Putting the brakes on road hogs
Electronic ticketing system among new road traffic regulations approved by House
Speed cameras like this will be mounted on Jamaica's roads in order to provide technological monitoring for traffic offences.

UNRULY motorists could soon have their traffic violations detected on camera and be ticketed electronically for those offences, including speeding, disobeying traffic signals, and operating unlicensed and uninsured vehicles.

On Tuesday the House of Representatives gave the nod to the new 299 regulations which lay down a slate of new offences and fines under the 2018 Road Traffic Bill — now updated to a 2022 amendment Bill — to facilitate new minor provisions that will enable accurate implementation of the regulations.

"These are common practices in developed countries worldwide using technology to monitor roads," Transport Minister Audley Shaw pointed out as he brought the regulations before the House.

He said not only will offences be detected by camera and other devices installed by the Island Traffic Authority (ITA), but tickets will also be issued electronically.

Under the new Road Traffic Act motorcyclists will be required to wear Bureau of Standards Jamaica-approved helmets, whether purchased locally or overseas.

"Where traffic offences are detected remotely, the owner of the vehicle will receive the ticket," he emphasised, adding that adjustments will be made to the regulations to include any additional devices or provisions that become necessary as time goes on.

Also, general driving rules that have traditionally only been included in the road code — such as driving on the left, right-of-way rules at intersections, overtaking and other manoeuvres, and parking prohibitions — are embedded in the regulations.

Furthermore, the authority will be empowered to require an owner to present any vehicle for examination for fitness certification, while new rules governing demonstration plates will allow the authority to better monitor their use. Additionally, motor vehicle dealers will have to pay an annual fee for use of those plates.

Motorcyclists, who accounted for 34 per cent of the road fatalities last year, will also now need to wear Bureau of Standards Jamaica-approved helmets, whether purchased locally or overseas, as well as high-visibility vests. All motor bikes must be sold along with helmets, the transport minister stressed.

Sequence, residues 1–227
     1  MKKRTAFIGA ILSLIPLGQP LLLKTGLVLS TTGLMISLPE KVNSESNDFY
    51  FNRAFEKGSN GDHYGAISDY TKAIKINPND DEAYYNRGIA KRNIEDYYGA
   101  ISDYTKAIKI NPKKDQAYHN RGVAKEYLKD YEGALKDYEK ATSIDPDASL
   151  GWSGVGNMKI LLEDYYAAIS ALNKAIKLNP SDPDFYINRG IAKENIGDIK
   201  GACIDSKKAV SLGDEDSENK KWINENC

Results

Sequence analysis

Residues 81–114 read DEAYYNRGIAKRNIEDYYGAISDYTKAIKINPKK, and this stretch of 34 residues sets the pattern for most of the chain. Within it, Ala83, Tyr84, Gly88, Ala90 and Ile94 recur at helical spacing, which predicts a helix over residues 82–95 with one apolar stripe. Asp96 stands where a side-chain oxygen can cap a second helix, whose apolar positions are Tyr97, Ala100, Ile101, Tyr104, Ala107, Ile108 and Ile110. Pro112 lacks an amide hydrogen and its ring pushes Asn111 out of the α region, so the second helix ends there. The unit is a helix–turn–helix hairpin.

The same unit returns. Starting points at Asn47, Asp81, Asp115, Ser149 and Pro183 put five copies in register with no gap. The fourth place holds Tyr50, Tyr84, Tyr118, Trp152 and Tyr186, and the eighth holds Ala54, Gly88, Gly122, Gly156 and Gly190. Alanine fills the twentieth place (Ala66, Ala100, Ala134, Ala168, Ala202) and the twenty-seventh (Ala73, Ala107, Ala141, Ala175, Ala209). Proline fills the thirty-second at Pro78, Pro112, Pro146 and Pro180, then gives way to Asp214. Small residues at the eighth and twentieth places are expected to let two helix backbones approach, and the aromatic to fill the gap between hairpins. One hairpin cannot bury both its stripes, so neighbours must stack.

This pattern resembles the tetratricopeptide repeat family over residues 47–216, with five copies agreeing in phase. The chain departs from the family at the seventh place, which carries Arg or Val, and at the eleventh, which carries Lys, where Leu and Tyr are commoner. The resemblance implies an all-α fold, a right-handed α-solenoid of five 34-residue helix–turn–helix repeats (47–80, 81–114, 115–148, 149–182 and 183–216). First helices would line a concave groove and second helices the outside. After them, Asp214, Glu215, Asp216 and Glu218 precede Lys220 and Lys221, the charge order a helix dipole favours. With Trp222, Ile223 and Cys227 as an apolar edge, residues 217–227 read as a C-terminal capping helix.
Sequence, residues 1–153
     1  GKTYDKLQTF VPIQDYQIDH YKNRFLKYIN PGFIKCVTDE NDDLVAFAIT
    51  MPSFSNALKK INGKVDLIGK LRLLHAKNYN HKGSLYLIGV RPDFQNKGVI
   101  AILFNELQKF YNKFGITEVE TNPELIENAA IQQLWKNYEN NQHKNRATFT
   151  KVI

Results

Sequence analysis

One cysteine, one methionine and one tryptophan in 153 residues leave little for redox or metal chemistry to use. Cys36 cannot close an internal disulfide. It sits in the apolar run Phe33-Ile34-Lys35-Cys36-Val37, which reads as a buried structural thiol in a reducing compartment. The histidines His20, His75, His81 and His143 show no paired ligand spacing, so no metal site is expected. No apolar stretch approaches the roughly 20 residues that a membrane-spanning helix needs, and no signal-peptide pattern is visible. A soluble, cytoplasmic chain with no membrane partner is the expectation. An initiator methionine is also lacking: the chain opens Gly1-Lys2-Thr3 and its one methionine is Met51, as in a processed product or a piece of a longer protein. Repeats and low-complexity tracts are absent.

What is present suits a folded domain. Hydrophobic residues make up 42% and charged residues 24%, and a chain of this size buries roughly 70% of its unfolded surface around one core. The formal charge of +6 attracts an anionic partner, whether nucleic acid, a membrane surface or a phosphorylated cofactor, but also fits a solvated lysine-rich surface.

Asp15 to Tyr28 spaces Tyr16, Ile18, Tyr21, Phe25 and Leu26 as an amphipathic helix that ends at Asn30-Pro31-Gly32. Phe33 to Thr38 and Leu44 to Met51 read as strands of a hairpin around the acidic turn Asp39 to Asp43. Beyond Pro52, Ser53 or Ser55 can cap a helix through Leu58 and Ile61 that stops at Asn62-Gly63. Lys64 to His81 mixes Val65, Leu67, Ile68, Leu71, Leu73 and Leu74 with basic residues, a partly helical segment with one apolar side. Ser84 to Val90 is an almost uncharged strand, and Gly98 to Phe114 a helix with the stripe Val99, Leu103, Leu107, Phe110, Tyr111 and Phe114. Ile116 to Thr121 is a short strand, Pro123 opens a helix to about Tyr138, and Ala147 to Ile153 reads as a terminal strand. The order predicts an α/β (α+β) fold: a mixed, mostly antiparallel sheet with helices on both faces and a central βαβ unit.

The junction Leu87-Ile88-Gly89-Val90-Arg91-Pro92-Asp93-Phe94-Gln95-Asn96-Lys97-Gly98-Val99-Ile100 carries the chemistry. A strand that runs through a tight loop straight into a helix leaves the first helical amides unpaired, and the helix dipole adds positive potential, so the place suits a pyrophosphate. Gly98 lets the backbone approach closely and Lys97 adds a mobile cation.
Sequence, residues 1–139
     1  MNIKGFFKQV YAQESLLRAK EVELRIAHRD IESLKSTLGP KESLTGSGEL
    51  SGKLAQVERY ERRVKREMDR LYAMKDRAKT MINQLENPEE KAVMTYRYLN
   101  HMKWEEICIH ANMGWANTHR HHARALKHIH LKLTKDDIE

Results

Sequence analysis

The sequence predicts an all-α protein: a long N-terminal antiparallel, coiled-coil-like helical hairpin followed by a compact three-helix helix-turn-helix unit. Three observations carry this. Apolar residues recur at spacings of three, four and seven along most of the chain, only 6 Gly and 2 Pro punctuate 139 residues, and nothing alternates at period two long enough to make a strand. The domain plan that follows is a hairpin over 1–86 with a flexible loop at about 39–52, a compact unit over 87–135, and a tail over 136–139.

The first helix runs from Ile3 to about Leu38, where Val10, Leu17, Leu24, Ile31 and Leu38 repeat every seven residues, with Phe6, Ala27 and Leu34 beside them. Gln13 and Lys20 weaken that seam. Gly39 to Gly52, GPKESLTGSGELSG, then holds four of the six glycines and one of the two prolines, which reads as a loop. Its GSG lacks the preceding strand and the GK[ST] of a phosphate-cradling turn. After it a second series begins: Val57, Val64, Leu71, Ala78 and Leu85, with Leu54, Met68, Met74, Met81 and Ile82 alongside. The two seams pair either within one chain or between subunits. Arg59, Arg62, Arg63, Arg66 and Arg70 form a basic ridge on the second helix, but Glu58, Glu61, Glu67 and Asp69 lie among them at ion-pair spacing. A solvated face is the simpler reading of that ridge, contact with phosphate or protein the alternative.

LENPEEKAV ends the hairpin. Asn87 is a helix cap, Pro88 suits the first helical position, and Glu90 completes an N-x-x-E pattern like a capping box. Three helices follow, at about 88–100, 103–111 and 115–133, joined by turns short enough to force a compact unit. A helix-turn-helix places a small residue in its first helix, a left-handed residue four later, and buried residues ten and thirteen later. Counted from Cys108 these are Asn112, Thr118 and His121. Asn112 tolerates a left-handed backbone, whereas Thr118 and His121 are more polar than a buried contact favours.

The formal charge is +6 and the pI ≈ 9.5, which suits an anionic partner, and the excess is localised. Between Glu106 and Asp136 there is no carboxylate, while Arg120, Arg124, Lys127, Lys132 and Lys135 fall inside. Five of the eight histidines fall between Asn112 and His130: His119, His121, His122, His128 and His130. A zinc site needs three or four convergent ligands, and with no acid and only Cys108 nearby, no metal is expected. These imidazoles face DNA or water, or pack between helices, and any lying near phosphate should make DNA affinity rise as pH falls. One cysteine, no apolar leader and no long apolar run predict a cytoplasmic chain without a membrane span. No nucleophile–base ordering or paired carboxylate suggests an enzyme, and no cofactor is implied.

Meanwhile, demerit points on licences will expire after 15 months, as long as less than 10 points are earned during the period. The ITA can, however, require training or retesting for people whose licences are suspended. After the suspension period those demerit points are to be expunged, according to the regulations.

Minister Shaw pointed out that not all sections of the law will be brought into operation immediately, as institutional arrangements have to be in place for some of the new provisions to take effect. Instead, a phased implementation plan is being finalised with key stakeholders.

The Road Traffic Act was passed in December 2018. The 2022 amendment, which was also passed by the House on Tuesday, amends nine sections and one schedule, and includes provisions to expand the definition of motorcycles to include any other vehicle so constructed, such as three-wheeled units.

Opposition spokesman Mikael Phillips said his side welcomed the regulations, which have long been in the making, but noted that there was a disconnect between the law and the realities on the ground. He stressed that there must be firm enforcement, as without this the regulations and the Act would come to naught.

He pointed to the long-standing requirement for all motorcyclists to wear a helmet against the reality of this segment of road users representing a fifth of all road fatalities, according to official data.

"We have had, for years in our laws, the wearing of helmets and the wearing of seatbelts yet there are persons out there who are riding motorcycles, and vehicles exceeding the speed limit without any enforcement being done," he said.

The Manchester North Western Member of Parliament also stressed the need for an intense public education campaign given the extensive nature of the new offences and provisions in the law, and the penalties.

The House also passed the 2022 Transport Authority (amendment) Bill, which modifies the 1987 Act to appropriately empower the regulator to carry out its responsibilities. The changes incorporate current trends in the public transport sector, and are aimed at strengthening the authority's administrative processes in order to target indiscipline and corruption in the sector.

BY ALPHEA SUMNER Senior staff reporter saundersa@jamaicaobserver.com

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